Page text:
Implausibly this is a comedy about four hapless jihadists in Britain intent on becoming suicide bombers. Even more implausibly it has moments that are laugh out loud funny but I just couldn’t get past the fact that they just hadn’t bothered to explain what had driven these seemingly ordinary guys to this level of extremism. I get that it’s a satire but it didn’t quite work for me.
Shortly after separating from her husband, successful fashion designer, Petra Von Kant (Margit Carstensen), falls in love with a beautiful but vapid young woman called Karin (Hanna Schygulla). When Karin predictably loses interest, Petra falls apart in a spectacular manner… all of this observed by Petra’s, silent and rather creepy assistant, Marlene (Irm Hermann). Not much happens in this film. It’s mostly just Petra rabbiting on about life and love. I think there was a lesson to be learned somewhere in all of it. For me the lesson was to stay away from 70’s German existentialist cinema.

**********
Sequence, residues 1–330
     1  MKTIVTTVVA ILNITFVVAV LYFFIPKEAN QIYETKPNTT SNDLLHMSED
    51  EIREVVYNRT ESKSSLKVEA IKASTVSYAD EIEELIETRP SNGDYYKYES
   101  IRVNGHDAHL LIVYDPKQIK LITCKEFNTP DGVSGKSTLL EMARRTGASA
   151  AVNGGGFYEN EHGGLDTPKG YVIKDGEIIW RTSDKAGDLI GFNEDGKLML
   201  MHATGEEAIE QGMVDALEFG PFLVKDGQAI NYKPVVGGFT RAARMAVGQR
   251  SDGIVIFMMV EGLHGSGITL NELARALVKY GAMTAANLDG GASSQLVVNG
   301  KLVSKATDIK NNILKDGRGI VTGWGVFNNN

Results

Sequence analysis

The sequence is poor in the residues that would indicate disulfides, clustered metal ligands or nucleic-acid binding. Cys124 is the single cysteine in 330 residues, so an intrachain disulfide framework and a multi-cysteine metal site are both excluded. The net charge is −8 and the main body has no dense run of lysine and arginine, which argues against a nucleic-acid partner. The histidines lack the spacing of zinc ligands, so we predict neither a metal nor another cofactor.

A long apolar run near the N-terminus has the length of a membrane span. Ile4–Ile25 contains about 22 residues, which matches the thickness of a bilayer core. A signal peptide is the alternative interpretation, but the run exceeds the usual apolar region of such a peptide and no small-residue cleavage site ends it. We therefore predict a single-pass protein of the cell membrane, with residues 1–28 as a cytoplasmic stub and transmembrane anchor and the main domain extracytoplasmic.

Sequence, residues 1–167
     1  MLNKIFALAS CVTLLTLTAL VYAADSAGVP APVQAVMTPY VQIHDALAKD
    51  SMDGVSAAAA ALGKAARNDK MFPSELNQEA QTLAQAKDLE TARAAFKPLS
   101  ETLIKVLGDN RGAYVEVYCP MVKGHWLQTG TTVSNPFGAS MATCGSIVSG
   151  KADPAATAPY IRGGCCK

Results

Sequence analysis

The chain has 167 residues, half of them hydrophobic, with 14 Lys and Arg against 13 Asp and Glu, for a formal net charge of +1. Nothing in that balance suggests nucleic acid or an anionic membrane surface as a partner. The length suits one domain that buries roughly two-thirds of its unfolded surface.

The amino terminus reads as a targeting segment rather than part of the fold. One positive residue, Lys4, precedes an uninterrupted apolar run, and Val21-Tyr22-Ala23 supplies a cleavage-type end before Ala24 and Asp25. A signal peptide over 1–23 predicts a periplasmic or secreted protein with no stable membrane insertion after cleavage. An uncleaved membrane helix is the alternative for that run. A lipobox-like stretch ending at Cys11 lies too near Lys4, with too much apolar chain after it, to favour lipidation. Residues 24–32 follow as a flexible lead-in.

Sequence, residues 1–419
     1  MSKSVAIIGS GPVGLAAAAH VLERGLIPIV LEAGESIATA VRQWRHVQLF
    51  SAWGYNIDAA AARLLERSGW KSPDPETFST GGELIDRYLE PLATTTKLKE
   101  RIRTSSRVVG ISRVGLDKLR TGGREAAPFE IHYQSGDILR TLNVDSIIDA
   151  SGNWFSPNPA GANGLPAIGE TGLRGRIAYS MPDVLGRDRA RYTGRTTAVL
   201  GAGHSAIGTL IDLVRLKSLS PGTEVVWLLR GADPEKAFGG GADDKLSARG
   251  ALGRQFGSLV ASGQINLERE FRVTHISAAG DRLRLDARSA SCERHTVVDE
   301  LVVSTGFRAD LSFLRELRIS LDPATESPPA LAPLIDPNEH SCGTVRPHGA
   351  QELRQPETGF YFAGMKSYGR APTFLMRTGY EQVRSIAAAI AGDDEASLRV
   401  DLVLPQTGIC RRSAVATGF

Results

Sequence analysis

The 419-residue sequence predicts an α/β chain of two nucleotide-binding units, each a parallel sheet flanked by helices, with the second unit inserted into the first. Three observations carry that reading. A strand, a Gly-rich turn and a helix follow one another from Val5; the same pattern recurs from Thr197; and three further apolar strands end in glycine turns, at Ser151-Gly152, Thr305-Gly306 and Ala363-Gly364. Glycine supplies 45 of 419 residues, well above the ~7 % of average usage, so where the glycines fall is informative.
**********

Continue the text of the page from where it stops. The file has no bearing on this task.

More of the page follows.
After hurting his back in the line of duty, New Orleans detective, Terence Donagh (Nicolas Cage) becomes a little bit too attached to his prescribed painkillers, swiftly descending into drug addiction. Six months after his accident, his careful web of deception is falling apart as he attempts to solve a brutal murder. Cage is of course at his best playing deranged and he clearly relishes playing Donagh in this reprise of Harvey Keitel’s original role but he can’t hide the fact that he’s past his prime. This film is all kinds of trippy and weird but it’s a bit light on plot and the ending ties things up a little too well.
Goldie Hawn (Helen) and Meryl Streep (Madeline) star as a couple of lifelong friends in constant competition with one another. When Madeline steals Helen’s fiancé (Bruce Willis), Helen falls apart, only to return years later looking better than and hell bent on revenge. But Helen has a dark secret, one that is going to ruin both their lives… forever. This is very 90’s and hasn’t aged nearly as well as its stars.